Ken was interviewed in 2004 by a local newspaper in Savannah, Georgia. Re gave an account of the 1961 TdF, and what racing was like then. “In my tour, we averaged 139 miles a day – flat out”. In those days, the tour was 800 miles longer than it is today.” Without the nutrition, sports science and bike technology of today, it would have been significantly more difficult. Interview is reblogged here.

Selected palmares:
First Scot to finish the Tour de France 1961.
Most aggressive rider of the day during stage 16 1961- led the stage but fell back with 7km to go to finish 19th. 65th place overall- only 72 of the 132 riders finished.

6th Briton to finish the Tour?  ref

Ken Laidlaw is also mentioned in William Fotheringham’s book, Roule Britannia.

4. David Millar

Commonwealth Games | Glasgow 2014 - Cycling Time Trial (Men)

David Millar’s career as a whole must be viewed in the context of the 2-year ban he received in 2004 for admitting the use of EPO. However his honesty and determination to spread an anti-doping message have set him apart from other banned riders, and he is now seen as an ambassador for clean cycling. For me, he took the punishment and then went on to make significant amends- not only being outspoken, but working with WADA, and helping to establish a stringently clean, independently-tested team in Slipstream.

Although the suspension does tarnish his reputation, he won Grand Tour stages and races before and after it and these results still put him amongst the most successful Scottish cyclists of all time. He was the youngest ever holder of the yellow jersey in 2000. It is tempting to ‘relegate’ him a place or two for the doping, but I feel his anti-doping work have made up for it, and even the non-doped results are still stronger than any other Scottish road racer.

There is a slight question over his Scottishness though- he was born in Malta, and has lived in Hong Kong, England and Spain. His parents are Scottish and he was selected (but did not compete) for Scotland in the 2002 Commonwealth Games. He is generally known as a Scot (as listed as Scottish on the Garmin-Slipstream site, and frequent media references). I would be very interested to know his personal feelings towards Scotland and whether he has a connection to the place.

Tour de France 1 stage win: 2000 stage 1. (2 stage wins during doping period? 2002 stg 13, 2003 stg 19)
Vuelta a Espana 2 stage wins: 2006 stage 14, 2009. (2 stage wins during doping period? 2001 stg 1, 2003 stg 17)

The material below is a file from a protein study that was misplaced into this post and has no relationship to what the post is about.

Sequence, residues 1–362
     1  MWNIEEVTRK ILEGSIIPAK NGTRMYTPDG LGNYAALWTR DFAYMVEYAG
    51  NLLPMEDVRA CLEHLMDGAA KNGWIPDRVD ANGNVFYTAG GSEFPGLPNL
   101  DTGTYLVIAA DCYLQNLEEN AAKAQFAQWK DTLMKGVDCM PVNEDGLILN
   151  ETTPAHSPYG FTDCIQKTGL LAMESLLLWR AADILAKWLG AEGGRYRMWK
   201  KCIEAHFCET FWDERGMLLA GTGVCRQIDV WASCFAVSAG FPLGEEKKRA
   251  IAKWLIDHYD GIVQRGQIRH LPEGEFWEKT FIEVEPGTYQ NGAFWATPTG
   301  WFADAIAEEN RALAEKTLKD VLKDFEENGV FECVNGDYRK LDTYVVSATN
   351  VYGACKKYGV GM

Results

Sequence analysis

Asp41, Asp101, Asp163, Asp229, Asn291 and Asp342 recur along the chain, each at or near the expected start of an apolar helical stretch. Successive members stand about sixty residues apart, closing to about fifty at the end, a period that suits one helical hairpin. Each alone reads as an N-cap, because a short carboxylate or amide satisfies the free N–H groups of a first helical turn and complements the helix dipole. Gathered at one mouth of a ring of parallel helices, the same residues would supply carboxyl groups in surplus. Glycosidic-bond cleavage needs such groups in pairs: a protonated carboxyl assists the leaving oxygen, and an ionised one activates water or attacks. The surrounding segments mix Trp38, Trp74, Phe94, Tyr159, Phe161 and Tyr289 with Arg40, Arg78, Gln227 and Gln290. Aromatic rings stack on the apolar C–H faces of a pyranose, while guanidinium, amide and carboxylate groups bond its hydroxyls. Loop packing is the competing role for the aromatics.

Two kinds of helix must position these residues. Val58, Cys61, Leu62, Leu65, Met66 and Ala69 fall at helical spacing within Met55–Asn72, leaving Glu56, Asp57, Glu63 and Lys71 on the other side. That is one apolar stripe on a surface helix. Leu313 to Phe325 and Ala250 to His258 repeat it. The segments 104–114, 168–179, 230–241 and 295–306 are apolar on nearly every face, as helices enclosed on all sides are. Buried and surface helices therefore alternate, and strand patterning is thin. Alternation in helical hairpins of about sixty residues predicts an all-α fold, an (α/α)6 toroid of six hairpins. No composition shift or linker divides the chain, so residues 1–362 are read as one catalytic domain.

UK Time Trial champion and Road Race champion 2007
Tour of California 2008- 2nd place overall.
various other palmares

David Millar has published two books:
Racing Through the Dark – establishing his career, doping, and subsequent renewal
The Racer – an inside look at the life of a bike racer

3. Graeme Obree
Graeme Obree

The value of Graeme Obree‘s achievements is heightened by the fact that he undertook them as an amateur and in the face of great adversity. For me this embodies the Scottish underdog spirit. He broke the hour record and won world pursuit championships on a bike he designed and built himself, and in the face of obstruction from the UCI. He overcame personal problems to achieve these results and as such, is an inspiration to cyclists and people everywhere.

After the records, he entered the pro cycling world at the height of the doping era. When he refused to take anything, he was unceremoniously dumped- a great shame that we did not get a chance to see more of him.

Now in 2009, he has announced he will attempt the hour record again. As before, he has pushed the bounds of innovation and created his own bike, to meet the UCI regulations but to match his riding style. He has massive gear ratios, a custom hand position, but traditional frame and wheels. Good luck Graeme!

Selected palmares:
World hour record: twice holder, in 1993 and 1994. Beat a nine-year record held by all-time great Francesco Moser. Beaten first by Chris Boardman, before regaining the record and then Miguel Indurain.
Individual pursuit (4000m) world champion 1993 and 1995.
British 10mile Time Trial record holder- 18:57.

Graeme Obree’s autobiography is an honest and dark account of his struggles and triumphs
Ed Pickering’s book, The Race Against Time, focuses on the Obree-Boardman hour record rivalry
His training manual, The Obree Way, shows you specific advice and ways to think outside the box.
His wife has also published a book, Mrs Flying Scotsman, recounting the highs and lows during their time together.

2. Sir Chris Hoy

Chris Hoy